Women of Distinction Ceremony
The only way to predict your future is to create it. Lincoln said it, and every year NCCWSL honors women who have lived it! They’ve found their place, they’re making the world better, and they’re going to empower you to do the same.
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Join us at the Women of Distinction Awards ceremony as these women share their advice, inspiration, and experience with the future leaders of tomorrow (that’s you, right?). After hearing their remarkable stories, you’ll have the opportunity to meet them, face-to-face, during the reception after the ceremony.
Who are the 2015 NCCWSL Women of Distinction?
Awardees are leaders in their fields, creators of unique programs and services, and lifelong advocates for critical issues. Here are this year’s inspiring women.
Elizabeth Acevedo is a poet born and raised in New York City, and her work is infused with her Dominican parents’ bolero and her beloved city’s grit. Currently living in Washington, D.C., she holds a bachelor’s degree in performing arts from George Washington University and is a master of fine arts candidate at the University of Maryland.
With more than 12 years of performance experience, Acevedo has been a featured performer on the BET and Mun2 television channels and delivered a TED Talk in March 2013. She has graced stages both nationally and internationally, including renowned venues such as the Lincoln Center, Madison Square Garden, the John F. Kennedy Center for the Performing Arts, and South Africa’s State Theatre in Pretoria.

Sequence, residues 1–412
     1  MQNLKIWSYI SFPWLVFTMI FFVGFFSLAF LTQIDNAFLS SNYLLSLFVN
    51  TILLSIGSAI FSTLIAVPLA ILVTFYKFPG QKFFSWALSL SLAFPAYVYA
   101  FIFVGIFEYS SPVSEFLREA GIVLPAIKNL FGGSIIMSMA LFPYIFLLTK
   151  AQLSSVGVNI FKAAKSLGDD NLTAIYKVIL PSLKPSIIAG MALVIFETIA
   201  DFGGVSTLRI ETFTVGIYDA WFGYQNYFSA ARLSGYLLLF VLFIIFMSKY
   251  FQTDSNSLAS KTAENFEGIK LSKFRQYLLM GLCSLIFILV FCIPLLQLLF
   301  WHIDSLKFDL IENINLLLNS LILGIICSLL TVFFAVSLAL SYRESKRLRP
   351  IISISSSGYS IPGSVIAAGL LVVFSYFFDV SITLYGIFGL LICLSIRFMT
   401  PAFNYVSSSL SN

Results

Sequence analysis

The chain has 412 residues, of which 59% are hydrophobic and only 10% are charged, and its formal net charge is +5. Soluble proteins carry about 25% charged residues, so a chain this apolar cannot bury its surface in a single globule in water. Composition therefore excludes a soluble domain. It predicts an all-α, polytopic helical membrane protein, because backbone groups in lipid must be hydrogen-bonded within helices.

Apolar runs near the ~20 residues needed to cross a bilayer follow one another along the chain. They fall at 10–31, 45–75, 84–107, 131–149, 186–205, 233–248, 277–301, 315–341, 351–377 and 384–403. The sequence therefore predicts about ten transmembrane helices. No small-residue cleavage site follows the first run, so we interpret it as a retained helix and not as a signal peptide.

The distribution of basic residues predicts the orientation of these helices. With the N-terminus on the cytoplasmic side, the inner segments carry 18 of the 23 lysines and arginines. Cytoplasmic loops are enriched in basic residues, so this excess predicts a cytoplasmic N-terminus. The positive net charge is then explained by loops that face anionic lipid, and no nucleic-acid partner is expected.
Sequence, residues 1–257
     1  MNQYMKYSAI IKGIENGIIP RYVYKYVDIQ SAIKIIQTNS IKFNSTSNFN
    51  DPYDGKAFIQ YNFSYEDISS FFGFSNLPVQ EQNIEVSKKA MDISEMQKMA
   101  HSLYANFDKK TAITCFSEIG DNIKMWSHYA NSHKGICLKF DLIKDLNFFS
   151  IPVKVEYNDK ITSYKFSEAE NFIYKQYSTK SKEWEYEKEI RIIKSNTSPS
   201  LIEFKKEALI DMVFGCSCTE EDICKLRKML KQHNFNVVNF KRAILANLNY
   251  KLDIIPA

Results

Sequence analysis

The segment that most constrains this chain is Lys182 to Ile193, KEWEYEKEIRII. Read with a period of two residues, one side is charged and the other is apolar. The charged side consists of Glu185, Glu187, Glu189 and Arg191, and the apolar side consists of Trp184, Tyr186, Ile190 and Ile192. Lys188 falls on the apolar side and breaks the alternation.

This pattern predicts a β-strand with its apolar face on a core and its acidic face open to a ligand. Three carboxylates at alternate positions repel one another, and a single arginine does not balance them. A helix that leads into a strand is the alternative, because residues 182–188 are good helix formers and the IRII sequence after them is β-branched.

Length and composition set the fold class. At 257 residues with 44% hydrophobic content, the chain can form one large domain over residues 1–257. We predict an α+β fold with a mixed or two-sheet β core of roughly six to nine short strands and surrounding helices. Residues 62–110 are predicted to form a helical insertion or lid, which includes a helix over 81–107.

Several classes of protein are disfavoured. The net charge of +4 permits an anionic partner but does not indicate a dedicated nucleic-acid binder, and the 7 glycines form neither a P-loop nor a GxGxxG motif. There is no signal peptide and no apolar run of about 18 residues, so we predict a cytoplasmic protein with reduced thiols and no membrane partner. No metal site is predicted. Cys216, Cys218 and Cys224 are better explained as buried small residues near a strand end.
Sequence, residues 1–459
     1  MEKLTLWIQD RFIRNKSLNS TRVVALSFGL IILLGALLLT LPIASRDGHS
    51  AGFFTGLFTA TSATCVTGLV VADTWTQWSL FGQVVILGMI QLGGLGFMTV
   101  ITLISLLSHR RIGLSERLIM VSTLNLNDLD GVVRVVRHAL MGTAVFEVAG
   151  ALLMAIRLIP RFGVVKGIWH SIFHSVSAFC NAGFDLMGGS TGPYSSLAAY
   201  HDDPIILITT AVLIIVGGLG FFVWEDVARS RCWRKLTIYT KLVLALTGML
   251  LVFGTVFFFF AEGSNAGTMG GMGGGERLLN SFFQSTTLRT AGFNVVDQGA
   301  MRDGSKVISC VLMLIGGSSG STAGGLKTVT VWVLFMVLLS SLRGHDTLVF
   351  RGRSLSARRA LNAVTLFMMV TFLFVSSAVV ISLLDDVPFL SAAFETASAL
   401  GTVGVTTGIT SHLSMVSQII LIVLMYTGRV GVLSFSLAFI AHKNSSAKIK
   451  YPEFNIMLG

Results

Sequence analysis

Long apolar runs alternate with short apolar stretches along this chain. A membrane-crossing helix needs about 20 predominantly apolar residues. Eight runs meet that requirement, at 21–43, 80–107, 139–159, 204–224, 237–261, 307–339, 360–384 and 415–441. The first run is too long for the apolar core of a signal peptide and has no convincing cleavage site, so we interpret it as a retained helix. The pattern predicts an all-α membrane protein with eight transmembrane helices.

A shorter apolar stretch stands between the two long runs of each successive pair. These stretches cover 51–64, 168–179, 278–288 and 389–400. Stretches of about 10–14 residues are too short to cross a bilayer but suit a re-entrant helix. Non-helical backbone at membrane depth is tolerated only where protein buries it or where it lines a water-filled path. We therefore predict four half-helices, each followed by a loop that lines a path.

Acevedo is the 2014 Women of the World Poetry Slam representative for Washington, D.C., and placed in the top 25 in the overall competition. Additionally, she was named the 2014 Beltway Grand Slam Champion, and is a National Poetry Slam Champion. Acevedo has been published or has poems forthcoming in the Acentos Review,the Ostrich Review, Split This Rock, Callaloo, Poet Lore, and the Notre Dame Review.
Marcia Ann Gillespie
Magazine Editor and Writer
A trailblazer in the magazine industry and leader in the women’s movement, Marcia Ann Gillespie is a respected and award-winning editor and writer. She is the former editor-in-chief of two groundbreaking magazines, Essence (1971–80) and Ms. (1993–2001) and was also the president of Liberty Media for Women, a company she co-founded.
Appointed editor-in-chief of Essence at age 26, Gillespie rapidly transformed the publication into one of the fastest-growing women’s magazines in the United States. During her tenure, the magazine became known for its in-depth articles and investigative pieces and received a National Magazine Award, the industry’s most prestigious honor. In addition to her role as editor, she also served as a member of Essence Communications’ board of directors.
Gillespie has written extensively about issues relating to the African American community and about women, particularly black women. She’s the co-author of Maya Angelou: A Glorious Celebration, and several of her articles and essays are required reading in women’s studies classes and appear in anthologies and collections.
Gillespie has received numerous honors including the Missouri Honor Medal for Distinguished Service in Journalism from the University of Missouri School of Journalism, Lifetime Achievement Awards from the New York chapter of the Association of Black Journalists and New York Women in Communications, and a doctor of letters from her alma mater, Lake Forest College in Illinois. Gillespie is currently a professor at SUNY Old Westbury College in the media and communications department.